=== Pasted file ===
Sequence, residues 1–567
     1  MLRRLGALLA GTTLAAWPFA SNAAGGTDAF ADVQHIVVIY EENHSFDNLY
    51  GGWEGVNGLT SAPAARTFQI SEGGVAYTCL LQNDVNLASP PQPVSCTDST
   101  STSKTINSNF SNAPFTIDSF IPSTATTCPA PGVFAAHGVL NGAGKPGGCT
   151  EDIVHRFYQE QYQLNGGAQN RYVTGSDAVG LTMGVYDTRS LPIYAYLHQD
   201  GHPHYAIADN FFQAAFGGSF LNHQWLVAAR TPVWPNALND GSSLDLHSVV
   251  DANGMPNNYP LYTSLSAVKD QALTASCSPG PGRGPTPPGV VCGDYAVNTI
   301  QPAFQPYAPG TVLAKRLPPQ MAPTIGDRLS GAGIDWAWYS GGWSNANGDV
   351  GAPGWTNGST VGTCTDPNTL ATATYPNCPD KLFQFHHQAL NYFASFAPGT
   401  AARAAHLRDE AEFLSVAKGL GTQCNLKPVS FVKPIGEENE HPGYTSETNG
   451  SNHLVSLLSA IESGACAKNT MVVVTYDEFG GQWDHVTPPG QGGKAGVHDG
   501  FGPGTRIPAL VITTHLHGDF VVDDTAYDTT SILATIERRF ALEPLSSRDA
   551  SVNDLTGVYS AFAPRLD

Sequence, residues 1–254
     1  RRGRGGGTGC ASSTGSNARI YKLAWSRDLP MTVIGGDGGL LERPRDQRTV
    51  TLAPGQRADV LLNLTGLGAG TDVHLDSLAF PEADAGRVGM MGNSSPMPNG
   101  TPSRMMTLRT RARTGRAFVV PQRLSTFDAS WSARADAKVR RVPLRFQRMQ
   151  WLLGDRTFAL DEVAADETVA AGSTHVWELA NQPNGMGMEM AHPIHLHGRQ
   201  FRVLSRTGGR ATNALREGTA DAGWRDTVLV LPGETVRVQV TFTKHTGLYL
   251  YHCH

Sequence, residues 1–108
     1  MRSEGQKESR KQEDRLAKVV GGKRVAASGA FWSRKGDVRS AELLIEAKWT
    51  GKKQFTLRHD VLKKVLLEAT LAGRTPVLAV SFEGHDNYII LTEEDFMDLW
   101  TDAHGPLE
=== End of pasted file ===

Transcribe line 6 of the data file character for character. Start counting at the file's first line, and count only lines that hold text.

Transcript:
   201  GHPHYAIADN FFQAAFGGSF LNHQWLVAAR TPVWPNALND GSSLDLHSVV